The rule by which a modifiable link between modules can be strengthened is Hebbian (Hebb, 1949), in that strengthening occurs if both input and recipient components of the link are simultaneously active. A link is weakened if the recipient component is active and the input is inactive, a principle arising from studies of activity-dependent plasticity in developing sensory systems (Stent, 1973). When the recipient component is inactive, the strength of the link does not change, irrespective of the state of the input. Input to a recognition module from an analysis module results in: (1) activation of an intrinsic excitatory unit, which in turn activates an output unit projecting to an executive module, all via modifiable links; (2) activation of a unit that inhibits the output unit (Figure 3), non-modifiably. Modules within a layer inhibit each other reciprocally via non-modifiable links. When the animal is in the naïve state, the activity of each recognition module fluctuates spontaneously.
With suitable choice of parameters, the model reproduces a considerable number of behavioral results, in particular:
1. acquisition of preference for an imprinting stimulus, including where stimuli differ in their attractiveness before training;
2. acquisition of a preference for inconspicuous details of a stimulus when paired with conspicuous stimulus details, as happens when imprinting leads to recognition of individual animals (Johnson and Horn, 1986b);
4. a sensitive period for imprinting that is closed by imprinting itself (cf. Bolhuis, 1991);
5. classification of a stimulus on the basis of only a subset of its features, and when the contents of the subset changes – a so-called “polymorphous category” (cf. Von Fersen and Lea, 1990);
7. the updating of a stimulus representation when the stimulus gradually changes and certain of its features disappear with time (Bateson, 1979);
8. the persistence of the ability to learn a task requiring discrimination between two visual stimuli after ablation of a brain region (the IMM) that is necessary for imprinting (Johnson and Horn, 1986a,b);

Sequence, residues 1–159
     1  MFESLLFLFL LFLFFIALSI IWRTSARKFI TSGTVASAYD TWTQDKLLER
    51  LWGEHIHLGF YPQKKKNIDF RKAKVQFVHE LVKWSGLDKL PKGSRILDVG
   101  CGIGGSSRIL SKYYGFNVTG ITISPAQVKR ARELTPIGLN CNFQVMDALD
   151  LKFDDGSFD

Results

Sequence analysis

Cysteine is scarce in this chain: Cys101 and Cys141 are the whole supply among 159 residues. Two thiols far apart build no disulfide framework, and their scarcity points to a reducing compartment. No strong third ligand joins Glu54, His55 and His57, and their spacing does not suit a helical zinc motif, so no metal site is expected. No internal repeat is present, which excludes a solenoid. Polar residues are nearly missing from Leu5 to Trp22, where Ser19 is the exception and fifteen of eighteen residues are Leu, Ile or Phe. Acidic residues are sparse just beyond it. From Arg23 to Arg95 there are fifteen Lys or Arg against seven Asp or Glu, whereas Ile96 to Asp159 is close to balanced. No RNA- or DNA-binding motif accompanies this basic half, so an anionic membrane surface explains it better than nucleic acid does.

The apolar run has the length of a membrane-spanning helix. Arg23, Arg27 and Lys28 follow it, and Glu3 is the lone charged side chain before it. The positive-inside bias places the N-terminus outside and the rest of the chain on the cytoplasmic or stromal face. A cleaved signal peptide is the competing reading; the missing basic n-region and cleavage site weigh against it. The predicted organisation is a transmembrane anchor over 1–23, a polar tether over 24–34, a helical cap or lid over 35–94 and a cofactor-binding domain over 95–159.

9. the formation of associative links between different stimuli by conditioning outwith the IMM (McCabe et al., 1982);
10. the expression of predispositions to approach certain classes of stimulus.
Estimation of the model’s parameter values has been attempted. This of course makes the assumption, yet to be comprehensively tested, that the model is physiologically valid. The modifiable links in the model can be strengthened by use or weakened by inhibition from another pathway. Strengthening was set in the model to four times as strong as weakening. Griffiths (1998) trained chicks for 120 min with stimulus A. A control group received no further training while an experimental group received a further 180 min of training with stimulus B. Chicks were then tested by being given a choice between either A and B or A and C, which had not previously been seen. Using the control chicks as a standard for comparison, further training with B reduced preference for A against C, assumed to be due to weakening of links encoding A by exposure to C. Further training with B caused a greater reduction of preference for the red triangle against B, assumed to be due to weakening of links encoding A plus strengthening links for B. Notwithstanding all the assumptions, the strengthening to weakening ratio thus determined was estimated as 4.3:1, corresponding closely the value of 4 assumed in the model.
Memory for the Imprinting Stimulus
Bateson, Horn, and Rose conducted a series of experiments on domestic chicks to determine whether neural changes could be detected that were specifically related to the learning that occurred in the course of imprinting. Evidence for such a change was found in the forebrain (reviewed in Horn et al., 1973) and further localized by Horn et al. (1979) to a restricted part of the forebrain roof, the intermediate and medial mesopallium (IMM), known as the IMHV before revision of avian brain nomenclature by Reiner et al. (2004). The position of the IMM is shown in Figure 4.
Figure 4. Diagrams showing the position of the IMM. (A) Side view of chick brain, anterior pole to the right. The broken line indicates the plane of the coronal section shown in (B). IMM, intermediate and medial mesopallium; Hp, hippocampus; M, mesopallium; VL, lateral ventricle; LaM, medullary lamina.
Horn (1985) gives a detailed account of the evidence that the IMM is a site of memory for features of a visual imprinting stimulus. This evidence includes lesion studies indicating that the IMM is necessary for both acquisition (McCabe et al., 1981) and retention (McCabe et al., 1982) of a preference through imprinting, and that an increase in the area of apposition of spine synapses was observed after imprinting training (Bradley et al., 1981; Horn et al., 1985); this morphological change was lateralized to the left side of the IMM. The preferential involvement of the left side of the IMM in learning-related changes after imprinting has been a common occurrence over many studies and is consistent with hemispheric asymmetries found in lesion studies of the IMM (Horn, 1985; McCabe, 1991; Solomonia and McCabe, 2015).